From the perspective of a “victim” of SB 670. The effect is plain upon it’s face. I am forbidden by SB 670 to put my private property in California to all beneficial use. SB 670 disavows all that I have taught my children, and grandchildren about “survival” in trying economic times. I always asserted, having some gold was a secure hedge against the uncertainties of fiat paper currency, or other “paper“ denominated investments.

Better yet, owning mining claims that could profitably produce placer gold, gave them that much more steadfast security. In that, if all else failed, they had a perpetual source of ready income on which to rely, derived from those mining claims. I thought the sage “wisdom” of my words were both irrefutable, and infallible. Only to find, I was mistaken. At least from the perspective of owning placer gold mining claims in California.

I often wondered why, no California legislator requested an Attorney Generals legal opinion on the effects of SB 670, long prior to it’s passage. As that would have been the astute thing to do. Now, I know why. Without doubt, the Attorney Generals opinion would have been that SB 670 (as written) would impose a compensable “taking”, for which the state would be liable.

If today, an Attorney Generals legal opinion existed that stated that fact. The Attorney General would be in the untenable position of facing his own legal opinion effectively foreclosing almost all plausible defense in the present SB 670 litigation. Whether planned that way, or just happenstance, I know not. But, it reeks of a well thought out scheme to intentionally inflict a manifest injustice on a small minority of property owners in California.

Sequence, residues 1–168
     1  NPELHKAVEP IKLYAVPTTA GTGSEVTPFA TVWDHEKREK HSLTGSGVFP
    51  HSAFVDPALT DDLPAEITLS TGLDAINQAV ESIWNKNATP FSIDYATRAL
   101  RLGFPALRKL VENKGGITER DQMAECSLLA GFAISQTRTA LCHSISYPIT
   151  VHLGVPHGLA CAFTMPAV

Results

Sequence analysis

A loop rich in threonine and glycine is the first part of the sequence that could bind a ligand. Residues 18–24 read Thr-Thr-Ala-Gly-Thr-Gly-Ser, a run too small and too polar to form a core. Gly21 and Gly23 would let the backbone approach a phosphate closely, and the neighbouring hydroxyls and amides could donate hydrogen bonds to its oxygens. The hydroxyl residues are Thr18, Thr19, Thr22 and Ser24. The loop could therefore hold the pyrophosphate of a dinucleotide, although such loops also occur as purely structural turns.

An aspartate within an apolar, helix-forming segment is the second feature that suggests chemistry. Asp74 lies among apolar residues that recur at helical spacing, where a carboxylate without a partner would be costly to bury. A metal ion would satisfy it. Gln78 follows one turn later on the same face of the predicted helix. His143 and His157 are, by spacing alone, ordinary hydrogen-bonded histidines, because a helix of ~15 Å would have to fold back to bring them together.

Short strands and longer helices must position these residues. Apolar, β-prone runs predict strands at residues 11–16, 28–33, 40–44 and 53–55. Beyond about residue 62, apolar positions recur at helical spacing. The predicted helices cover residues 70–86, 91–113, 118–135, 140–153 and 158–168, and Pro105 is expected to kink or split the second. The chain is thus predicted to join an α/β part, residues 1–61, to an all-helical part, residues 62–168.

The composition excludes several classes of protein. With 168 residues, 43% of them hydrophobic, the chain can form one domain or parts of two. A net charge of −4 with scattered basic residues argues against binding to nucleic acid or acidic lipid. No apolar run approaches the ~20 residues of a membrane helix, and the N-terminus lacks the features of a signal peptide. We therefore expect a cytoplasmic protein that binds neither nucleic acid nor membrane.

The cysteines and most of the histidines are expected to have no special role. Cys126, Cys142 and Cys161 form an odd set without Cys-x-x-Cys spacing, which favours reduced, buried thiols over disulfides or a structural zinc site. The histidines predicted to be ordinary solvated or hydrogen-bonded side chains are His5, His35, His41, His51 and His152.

As you say, and I agree much “fortitude” is required here. Unless by some miracle, Judge England happens to note the gold wedding band on his finger. Which, impart may have come from the endeavors of a small California gold miner. Giving him a flash of personal insight, and wherewithal to grant an injunction allowing small scale suction dredge gold mining to continue in California, while the rest of the matter is sorted out in litigation, and the tedious CEQA process.

But, place possible improbable miracles in one hand, and reality in the other. You are faced with hard reality, not miracles. Because I also taught my children, and grandchildren never to place all their eggs in one basket. We also own productive placer mining claims in Alaska, Idaho, Oregon, and elsewhere outside California.

Inevitably, weather permitting, this old man will have the pleasure of tending a Dutch oven, in campfire coals somewhere other than California. With the pleasant sound of family owned dredge motors murmuring nearby. Wondering if I should, take a nap, go catch a few trout, or how much gold the days clean up will produce. Thank God, we did not have have all our eggs in the California basket. I empathize greatly with those who do. ........ :olddude: